Beyond the Big Picture
John Terhesh doesn’t have a “comfort zone.” He doesn’t really need one. In fact, he would prefer not to dwell in one area, be it professional or
John’s willingness—actually his purpose—is to constantly try new things and devise solutions to problems, which is what’s helped him get to where he is in his career. It’s a career path with a few twists and turns, but that’s because when John was presented with a new opportunity, he just shrugged his shoulders and thought, “Sure, I’ll do that.”
Growing up in the southern suburbs of Chicago, John didn’t come from a horticulture background. He stumbled into the industry at the age of 15 simply because he needed a part-time summer job, and when he applied at the local garden center, they hired him.
He spent most of his time hauling bags of soil and watering the plants, which may not be the most inspiring story, but it laid the groundwork for him to have the bright idea of taking an Introduction to Horticulture class when he eventually went off to college.
During his first year at Southern Illinois University, John’s major was still undecided, but that Intro to Hort class was taught by an engaging professor who inspired him to want to pursue a B.S. in Plant & Soil Science with a minor in Agribusiness Economics.
“He tied all of the things I learned at the garden center together,” said John—so the iron was hot; it just need a few strikes of knowledge from a good mentor to get the fire going.
Now, the goal was to figure out what he was going to do once he was out in the real world. John’s first internship was at a landscaping firm, where he quickly discovered designing landscapes wasn’t for him. So he switched to the growing side of the industry by earning an internship at Ted’s Greenhouse close to his hometown. He worked there for a full season and “that’s when I really grew into the growing side of things,” said John.
The next year, John traveled to Avon, Ohio, for an internship at Willoway Nurseries and they liked him so much they hired him on as a full-time grower. He stayed on for three years and got the most knowledge and experience during that time. Also, while he was there, John and Karen Demaline (daughter of owner Tom Demaline) struck up a friendship and they were soon dating.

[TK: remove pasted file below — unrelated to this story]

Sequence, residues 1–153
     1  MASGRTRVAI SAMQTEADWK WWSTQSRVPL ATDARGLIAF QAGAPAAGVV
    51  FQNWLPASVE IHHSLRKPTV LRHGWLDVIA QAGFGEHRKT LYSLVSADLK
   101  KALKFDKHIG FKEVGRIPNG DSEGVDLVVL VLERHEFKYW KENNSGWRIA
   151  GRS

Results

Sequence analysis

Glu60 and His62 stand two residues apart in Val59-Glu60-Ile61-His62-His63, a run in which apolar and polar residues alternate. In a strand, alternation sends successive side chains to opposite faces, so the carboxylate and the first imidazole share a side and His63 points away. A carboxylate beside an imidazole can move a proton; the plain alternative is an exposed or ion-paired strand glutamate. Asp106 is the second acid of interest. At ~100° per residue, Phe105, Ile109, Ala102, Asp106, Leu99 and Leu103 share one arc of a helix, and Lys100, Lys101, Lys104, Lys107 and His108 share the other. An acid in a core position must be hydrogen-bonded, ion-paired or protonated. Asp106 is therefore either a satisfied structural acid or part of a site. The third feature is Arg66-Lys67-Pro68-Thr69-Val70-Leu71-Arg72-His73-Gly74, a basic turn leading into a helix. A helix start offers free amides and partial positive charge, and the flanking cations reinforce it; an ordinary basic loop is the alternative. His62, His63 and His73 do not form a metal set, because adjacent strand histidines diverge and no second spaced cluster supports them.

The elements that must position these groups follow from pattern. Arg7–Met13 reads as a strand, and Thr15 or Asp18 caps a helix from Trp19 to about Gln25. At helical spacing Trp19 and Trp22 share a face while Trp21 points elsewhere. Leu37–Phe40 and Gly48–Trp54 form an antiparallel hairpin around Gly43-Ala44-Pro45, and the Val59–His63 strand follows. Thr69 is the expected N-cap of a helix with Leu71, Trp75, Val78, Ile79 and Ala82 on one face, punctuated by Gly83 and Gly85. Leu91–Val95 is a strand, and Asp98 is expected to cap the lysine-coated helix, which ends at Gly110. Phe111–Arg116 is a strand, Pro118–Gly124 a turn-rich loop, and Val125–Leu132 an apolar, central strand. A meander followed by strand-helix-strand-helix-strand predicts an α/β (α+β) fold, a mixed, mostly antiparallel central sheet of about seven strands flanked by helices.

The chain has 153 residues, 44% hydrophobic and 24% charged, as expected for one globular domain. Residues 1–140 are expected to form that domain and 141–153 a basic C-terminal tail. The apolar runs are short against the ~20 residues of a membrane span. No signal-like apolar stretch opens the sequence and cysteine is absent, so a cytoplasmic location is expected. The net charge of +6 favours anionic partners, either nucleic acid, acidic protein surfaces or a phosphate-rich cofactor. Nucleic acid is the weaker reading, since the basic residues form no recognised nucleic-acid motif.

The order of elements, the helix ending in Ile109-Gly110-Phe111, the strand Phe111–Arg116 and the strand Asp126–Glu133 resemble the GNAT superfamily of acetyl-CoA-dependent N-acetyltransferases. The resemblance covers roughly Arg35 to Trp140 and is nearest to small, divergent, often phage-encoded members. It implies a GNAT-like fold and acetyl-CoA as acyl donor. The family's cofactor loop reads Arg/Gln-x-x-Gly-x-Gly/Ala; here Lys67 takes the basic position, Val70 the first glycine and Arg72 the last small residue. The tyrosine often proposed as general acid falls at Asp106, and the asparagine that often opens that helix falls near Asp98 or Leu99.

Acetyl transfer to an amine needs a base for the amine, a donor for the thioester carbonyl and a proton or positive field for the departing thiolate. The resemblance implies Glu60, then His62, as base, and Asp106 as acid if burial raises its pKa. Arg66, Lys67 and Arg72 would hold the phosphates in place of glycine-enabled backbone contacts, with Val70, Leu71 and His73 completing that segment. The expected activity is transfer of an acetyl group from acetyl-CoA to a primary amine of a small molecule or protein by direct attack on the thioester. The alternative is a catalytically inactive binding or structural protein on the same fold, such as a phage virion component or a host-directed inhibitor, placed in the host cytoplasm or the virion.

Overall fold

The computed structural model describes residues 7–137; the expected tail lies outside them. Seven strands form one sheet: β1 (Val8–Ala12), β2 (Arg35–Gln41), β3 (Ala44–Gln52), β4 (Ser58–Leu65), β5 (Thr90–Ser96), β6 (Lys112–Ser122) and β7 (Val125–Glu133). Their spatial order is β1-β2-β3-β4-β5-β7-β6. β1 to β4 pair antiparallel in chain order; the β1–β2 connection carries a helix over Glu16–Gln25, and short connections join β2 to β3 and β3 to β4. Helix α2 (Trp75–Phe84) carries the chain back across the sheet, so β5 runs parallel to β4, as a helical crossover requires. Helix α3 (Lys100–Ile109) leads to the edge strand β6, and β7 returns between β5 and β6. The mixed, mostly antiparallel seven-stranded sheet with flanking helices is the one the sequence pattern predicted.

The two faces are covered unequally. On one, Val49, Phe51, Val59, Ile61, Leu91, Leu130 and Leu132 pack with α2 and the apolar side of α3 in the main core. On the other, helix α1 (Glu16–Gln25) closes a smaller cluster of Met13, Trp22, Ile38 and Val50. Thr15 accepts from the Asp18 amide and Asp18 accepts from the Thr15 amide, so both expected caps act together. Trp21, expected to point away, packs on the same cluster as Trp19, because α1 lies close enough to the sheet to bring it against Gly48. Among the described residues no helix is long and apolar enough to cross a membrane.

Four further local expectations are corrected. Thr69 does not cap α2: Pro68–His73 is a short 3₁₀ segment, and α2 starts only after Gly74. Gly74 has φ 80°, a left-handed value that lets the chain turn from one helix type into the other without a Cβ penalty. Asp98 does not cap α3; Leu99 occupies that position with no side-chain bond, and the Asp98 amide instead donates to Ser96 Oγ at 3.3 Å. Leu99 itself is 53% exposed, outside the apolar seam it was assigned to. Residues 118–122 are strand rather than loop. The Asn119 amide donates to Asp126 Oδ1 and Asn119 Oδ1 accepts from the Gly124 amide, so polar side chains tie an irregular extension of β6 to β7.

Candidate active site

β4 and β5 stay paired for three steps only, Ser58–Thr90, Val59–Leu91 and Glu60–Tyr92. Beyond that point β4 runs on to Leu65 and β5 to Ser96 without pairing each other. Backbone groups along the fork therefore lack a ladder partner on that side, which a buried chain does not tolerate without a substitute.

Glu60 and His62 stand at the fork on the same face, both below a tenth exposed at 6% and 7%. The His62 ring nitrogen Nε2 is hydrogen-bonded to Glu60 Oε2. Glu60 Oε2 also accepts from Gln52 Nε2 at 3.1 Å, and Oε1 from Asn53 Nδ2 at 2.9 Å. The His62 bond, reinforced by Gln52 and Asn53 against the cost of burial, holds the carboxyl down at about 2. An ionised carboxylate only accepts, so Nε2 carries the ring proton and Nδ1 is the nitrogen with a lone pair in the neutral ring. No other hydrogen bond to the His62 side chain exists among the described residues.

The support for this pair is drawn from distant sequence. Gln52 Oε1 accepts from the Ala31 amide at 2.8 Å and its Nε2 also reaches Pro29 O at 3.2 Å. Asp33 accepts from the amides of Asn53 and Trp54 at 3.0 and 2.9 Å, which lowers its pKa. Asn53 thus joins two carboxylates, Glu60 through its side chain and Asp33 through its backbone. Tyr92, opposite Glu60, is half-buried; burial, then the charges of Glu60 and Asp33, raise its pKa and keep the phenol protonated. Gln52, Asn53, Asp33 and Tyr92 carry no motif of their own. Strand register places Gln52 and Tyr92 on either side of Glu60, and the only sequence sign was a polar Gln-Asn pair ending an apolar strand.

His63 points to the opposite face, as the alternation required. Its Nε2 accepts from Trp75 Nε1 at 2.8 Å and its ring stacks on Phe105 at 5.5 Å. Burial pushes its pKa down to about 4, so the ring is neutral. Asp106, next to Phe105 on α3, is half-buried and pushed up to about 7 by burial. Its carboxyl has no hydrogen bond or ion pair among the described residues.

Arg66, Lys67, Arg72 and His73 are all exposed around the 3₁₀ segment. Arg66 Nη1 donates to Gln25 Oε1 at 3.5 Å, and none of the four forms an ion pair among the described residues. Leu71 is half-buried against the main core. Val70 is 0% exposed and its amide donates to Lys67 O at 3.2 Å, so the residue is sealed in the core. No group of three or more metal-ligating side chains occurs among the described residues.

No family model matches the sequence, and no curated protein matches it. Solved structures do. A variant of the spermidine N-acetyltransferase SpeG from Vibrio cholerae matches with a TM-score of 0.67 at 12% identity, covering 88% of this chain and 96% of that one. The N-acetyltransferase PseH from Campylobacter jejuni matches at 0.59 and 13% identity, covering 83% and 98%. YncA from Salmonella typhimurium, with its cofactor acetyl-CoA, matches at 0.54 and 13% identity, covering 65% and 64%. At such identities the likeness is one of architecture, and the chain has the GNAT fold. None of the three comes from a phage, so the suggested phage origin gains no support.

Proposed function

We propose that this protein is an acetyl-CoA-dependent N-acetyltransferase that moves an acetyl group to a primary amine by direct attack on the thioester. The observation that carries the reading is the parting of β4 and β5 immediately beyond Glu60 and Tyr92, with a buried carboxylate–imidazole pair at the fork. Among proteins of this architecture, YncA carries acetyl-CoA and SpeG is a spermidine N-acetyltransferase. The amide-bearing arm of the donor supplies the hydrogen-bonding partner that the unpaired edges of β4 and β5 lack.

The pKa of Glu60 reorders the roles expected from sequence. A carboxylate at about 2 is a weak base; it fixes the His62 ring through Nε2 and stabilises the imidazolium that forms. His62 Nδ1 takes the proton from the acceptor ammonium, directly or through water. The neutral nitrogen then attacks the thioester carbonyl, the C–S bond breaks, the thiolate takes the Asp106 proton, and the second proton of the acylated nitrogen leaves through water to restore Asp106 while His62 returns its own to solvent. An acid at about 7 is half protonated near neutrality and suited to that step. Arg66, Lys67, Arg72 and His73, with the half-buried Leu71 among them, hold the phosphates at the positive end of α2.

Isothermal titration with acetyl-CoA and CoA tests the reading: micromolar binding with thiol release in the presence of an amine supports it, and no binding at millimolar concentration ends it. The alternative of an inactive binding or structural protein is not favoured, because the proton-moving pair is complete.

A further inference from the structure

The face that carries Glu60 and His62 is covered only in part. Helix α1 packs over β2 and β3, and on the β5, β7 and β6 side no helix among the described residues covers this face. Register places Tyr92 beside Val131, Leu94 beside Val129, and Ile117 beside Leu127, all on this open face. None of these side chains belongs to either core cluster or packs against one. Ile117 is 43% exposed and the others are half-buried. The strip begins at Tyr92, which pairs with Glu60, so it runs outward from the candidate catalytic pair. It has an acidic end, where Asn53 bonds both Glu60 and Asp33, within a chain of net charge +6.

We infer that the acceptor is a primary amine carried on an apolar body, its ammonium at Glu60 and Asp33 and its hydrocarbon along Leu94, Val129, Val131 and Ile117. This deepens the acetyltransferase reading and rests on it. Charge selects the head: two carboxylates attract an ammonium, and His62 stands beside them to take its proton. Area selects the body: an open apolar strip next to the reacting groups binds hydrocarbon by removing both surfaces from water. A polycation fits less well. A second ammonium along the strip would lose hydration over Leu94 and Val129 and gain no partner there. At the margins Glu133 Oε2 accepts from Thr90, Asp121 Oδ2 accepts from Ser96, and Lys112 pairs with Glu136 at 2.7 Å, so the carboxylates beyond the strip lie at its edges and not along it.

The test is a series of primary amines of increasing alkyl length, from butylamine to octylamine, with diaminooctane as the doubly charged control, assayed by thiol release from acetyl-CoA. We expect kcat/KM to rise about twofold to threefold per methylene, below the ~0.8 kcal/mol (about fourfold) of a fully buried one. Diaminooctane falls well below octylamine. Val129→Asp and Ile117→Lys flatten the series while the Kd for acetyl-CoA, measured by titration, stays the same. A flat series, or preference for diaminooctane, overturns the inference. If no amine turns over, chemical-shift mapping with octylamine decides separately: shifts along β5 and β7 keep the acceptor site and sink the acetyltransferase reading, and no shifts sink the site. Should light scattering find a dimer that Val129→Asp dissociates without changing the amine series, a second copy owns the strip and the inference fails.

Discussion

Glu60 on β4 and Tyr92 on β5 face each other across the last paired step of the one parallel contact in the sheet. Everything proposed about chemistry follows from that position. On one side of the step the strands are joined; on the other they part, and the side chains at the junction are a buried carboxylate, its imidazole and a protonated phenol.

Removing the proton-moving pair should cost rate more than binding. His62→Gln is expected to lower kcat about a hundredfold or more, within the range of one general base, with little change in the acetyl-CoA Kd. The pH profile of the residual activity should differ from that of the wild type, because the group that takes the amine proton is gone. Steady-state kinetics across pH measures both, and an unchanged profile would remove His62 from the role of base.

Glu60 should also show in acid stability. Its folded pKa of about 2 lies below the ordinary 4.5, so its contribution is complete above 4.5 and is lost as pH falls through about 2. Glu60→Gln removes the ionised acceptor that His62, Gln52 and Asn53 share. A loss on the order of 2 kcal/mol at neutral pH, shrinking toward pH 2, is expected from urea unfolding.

When John was offered a growing position at a nursery on the Wisconsin/Illinois border, he and Karen left Ohio. For five years, he was in charge of propagation for their entire container program from start to finish. It was sort of a baptism by fire because there wasn’t really a true training program; John had to learn everything himself through trial-and-error. It was challenging, but allowed him to see his true worth as a grower.
“You always question yourself on whether you’re good enough—I’m sure everybody does that,” said John. “But it was a little bit of a confirmation when we saw things improve. We doubled production and decreased the scrap [shrink] from 16% to 3%, so I had all the numbers to show I was doing well.”
And things were going well. John was going along swimmingly at his job, and he and Karen had made friends and were part of the local curling club (more on that later). Then one day, Karen’s dad Tom called and asked if they’d both like to come back and work at Willoway. Tom specifically needed help with hiring and training, and as John went through his own experience without much on-the-job training, he and Karen packed up and moved back to Ohio.
Thinking outside of the hiring box
When John started back at Willoway, he quickly realized that their current hiring process needed some improvements.
“Apparently, we hadn’t really been able to hire anybody for five years,” he explained. “At first, I basically did the standard thing—looked at all of the qualifications—and ended up with 20 people applying, five of them not getting past the interview stage. I started thinking, ‘This isn’t going to work.’ So I had to figure out another way.”